We leave our lodge in the Serengeti National Park early in the morning, heading in the direction of Lake Magadi. Our jeep bumps over the unpaved road, clouds of dust obscuring the back window. But on either side of us we can see the steep sides of Olduvai Gorge.
We pull up at a Maasai village, a cluster of about 30 huts protected by a thorny fence. Parked outside the fence is a Land Rover with ‘AMREF Flying Doctors’ on the side. “I wonder if the Land Rover can fly?” I think to myself.
The sound of our engine brings a group of children running out of the village. We climb down from the jeep and hand out the sweets we’ve brought. I look up and see a woman walking towards us. “There’s Jacqueline,” I say, waving. We’ve known Jacqueline Lampe for several years, but as Director of AMREF Flying Doctors her work often takes her to Africa and this is the first time we’ve been able to catch up with her for a while.
“Karibu. You made it,” she says. “I’m glad we’re able to meet here and not in our office.”
She leads us into the village, the children still jumping around us excitedly. “We work with a number of nomadic groups in this area, such as the Maasai, who are often beyond the reach of public health services,” she tells us as we walk.
“How do you reach them?” Maarten asks.
“We adapt our projects to their lifestyle. We train health workers within the community and provide mobile clinics.”
As we walk through the village, we see women preparing the next meal and a small group of men discussing something more important than world politics. Jacqueline continues: “Nomads still live according to old traditions, some of which pose health risks. Female circumcision, for example, is a rite of passage that prepares girls for womanhood and marriage. It’s often carried out without anaesthetic and in unsanitary conditions.”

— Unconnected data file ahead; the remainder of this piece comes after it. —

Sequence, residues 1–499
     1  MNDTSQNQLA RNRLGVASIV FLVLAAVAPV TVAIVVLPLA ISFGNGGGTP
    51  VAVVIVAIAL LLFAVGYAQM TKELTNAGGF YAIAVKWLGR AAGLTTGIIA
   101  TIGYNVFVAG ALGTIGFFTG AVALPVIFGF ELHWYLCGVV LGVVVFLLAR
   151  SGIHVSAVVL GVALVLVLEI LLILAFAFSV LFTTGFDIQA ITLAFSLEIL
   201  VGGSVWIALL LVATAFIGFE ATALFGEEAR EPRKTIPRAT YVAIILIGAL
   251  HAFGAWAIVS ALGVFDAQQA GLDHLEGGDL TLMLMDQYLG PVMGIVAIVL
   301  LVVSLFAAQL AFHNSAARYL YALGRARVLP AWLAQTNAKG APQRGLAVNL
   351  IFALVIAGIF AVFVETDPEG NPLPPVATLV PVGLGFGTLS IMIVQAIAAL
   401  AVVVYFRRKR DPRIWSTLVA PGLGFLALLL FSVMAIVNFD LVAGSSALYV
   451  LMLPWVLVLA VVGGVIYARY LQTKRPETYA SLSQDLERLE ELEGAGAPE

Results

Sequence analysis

Jacqueline stops and turns to us, lowering her voice as if the kids can understand her: “As well as being extremely painful, the procedure can lead to immediate problems such as infection or difficulties later during childbirth. And, circumcision limits the woman’s sexual enjoyment and therefore limits the right to safe and healthy sex.”
One of the children tugs at my skirt. I crouch down to her level. She starts talking to me in Swahili, probably telling me she didn’t get any sweets. I give her a lollypop. She turns around and runs away.
Jacqueline continues. “Because most of our employees are African and know the local cultures and traditions, we’ve been able to find a solution to female circumcision.”
“What is it?” I ask.
“It’s an alternative ritual that celebrates girls becoming women without any physical damage. A health worker spends several days with the girls discussing health issues, like safe sex. As part of the ritual, the girls walk under a ceremonial arch from the village elders. The arch shows that the new ritual and the young women are accepted in the community.”
Jacqueline beckons to a girl who is making a bead necklace outside one of the huts. “Here’s one of the girls,” she says. “This is Miali. She can tell you more about the alternative ritual and what it meant to take part.”
Miali smiles at us but I can see she is not totally at ease. I turn to Maarten. “Why don’t you go and grab a latte macchiato at the local Starbucks?” I say. “This is girl talk.”
© 2012 CoolBrands – Around the World in 80 Brands
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By Maarten Schäfer – By Maarten Schafer